Project Theme(s): Vulnerable Populations & Community, Training, Consultation & Capacity Building, Community Engaged Research & Evaluation, Substance Use and Mental Health, Systems Change
Area Description: Research in the area of Urban Education, Prevention & Policy Research examines cultural and contextual factors that influence psycho-social, behavioral health, and achievement outcomes among low-income and minority youth populations in school and community settings. Research activities center on youth development and involve the design and assessment of preventive interventions that promote psychological adjustment and adaptive functioning toward the reduction of problem behaviors associated with negative developmental outcomes (e.g., substance use, delinquency, violence, risky behaviors).
Our team engages in comprehensive urban school reform efforts that engages schools and communities in the development, implementation and evaluation of systemic interventions designed to improve school climate, academic performance and educational trajectories of low-income and minority youth. Our research is funded by the U.S. Department of Education.
Regarding our work with families, UEPPR conducts research that investigates the influence of stress among mother-adolescent dyads and the buffering effect coping has on primary- and mental health outcomes for both mothers and teens, parenting practices, substance use and educational outcomes for adolescents. Our goal is to develop culturally congruent, family-focused interventions aimed at stress reduction and the development of effective coping skills to improve family functioning and quality of life.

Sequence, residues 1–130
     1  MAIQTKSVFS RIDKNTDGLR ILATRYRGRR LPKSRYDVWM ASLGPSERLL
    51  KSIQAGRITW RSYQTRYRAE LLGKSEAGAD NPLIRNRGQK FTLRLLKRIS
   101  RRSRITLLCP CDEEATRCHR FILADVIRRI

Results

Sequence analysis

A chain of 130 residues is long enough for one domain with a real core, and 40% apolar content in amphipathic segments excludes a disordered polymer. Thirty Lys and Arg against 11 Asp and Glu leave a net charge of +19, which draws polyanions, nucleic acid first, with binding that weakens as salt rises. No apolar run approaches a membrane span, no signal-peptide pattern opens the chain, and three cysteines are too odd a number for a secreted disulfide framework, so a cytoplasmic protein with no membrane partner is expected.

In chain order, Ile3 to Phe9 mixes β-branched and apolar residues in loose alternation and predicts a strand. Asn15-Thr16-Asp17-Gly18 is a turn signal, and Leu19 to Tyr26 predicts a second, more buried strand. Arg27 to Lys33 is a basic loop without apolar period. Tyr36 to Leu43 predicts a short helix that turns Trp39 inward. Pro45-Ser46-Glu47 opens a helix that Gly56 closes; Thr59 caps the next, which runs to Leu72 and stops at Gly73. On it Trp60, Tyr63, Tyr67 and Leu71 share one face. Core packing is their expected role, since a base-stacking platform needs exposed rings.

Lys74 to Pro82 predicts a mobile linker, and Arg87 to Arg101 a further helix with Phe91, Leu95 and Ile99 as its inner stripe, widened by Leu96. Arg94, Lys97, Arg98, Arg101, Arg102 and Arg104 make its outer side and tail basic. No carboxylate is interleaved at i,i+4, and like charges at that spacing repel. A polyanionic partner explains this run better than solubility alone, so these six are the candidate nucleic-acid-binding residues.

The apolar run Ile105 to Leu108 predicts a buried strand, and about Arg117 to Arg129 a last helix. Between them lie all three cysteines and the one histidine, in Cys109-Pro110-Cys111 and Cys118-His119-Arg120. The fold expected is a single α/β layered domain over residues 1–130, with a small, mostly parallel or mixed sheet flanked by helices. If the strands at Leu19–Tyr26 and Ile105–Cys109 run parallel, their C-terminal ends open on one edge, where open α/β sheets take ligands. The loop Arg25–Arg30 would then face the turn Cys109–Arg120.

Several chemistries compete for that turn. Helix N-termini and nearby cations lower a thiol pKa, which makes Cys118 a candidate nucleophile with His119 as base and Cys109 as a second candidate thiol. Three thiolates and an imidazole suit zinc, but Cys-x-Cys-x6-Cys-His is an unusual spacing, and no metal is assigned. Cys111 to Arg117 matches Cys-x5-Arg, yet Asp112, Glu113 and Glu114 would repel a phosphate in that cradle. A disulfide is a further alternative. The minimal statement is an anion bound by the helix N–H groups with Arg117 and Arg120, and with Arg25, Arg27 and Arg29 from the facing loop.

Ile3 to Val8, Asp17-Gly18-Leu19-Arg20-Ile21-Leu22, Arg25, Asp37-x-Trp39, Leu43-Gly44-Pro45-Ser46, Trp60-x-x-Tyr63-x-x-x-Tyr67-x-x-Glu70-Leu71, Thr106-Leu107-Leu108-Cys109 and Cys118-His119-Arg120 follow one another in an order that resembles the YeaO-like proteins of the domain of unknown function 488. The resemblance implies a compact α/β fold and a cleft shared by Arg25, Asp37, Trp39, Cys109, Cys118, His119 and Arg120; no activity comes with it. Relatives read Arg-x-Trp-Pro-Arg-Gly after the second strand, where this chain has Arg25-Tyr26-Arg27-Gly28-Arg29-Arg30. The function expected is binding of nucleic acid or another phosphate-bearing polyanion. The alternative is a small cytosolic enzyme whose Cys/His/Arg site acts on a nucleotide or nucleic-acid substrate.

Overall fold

Dr. Ward’s program of research examines ecological factors that influence social, behavioral, health, and achievement outcomes for low-income and minority youth. Research activities emphasize the development of social and behavioral interventions aimed at risk reduction and competence promotion among minority youth who are at high risk for delinquency, substance use, behavior problems, and academic failure. Currently, Dr. Ward is the principal investigator of a 14K, seven-year longitudinal study of a comprehensive urban school reform initiative that is designed to support the social-emotional, academic, and health outcomes among 3,000 low-income and urban middle and high school students. This study examines the impact of a comprehensive district-wide intervention on indicators of academic performance, educational aspirations and attainment, mental health, as well as social and behavioral indicators.
Student Intern University of New Haven
Barbara F. Nangle, M.A.
Eddie Quiles, B.S.
Joanne Richardson, B.S.
Patricia Simon, Ph.D.
Associate Research Scientist Study Coordinator for Motivational Interviewing Study
Michael Strambler, Ph.D.
Assistant Professor of Psychiatry (Psychology)
Ekaterini Vlahos, B.S.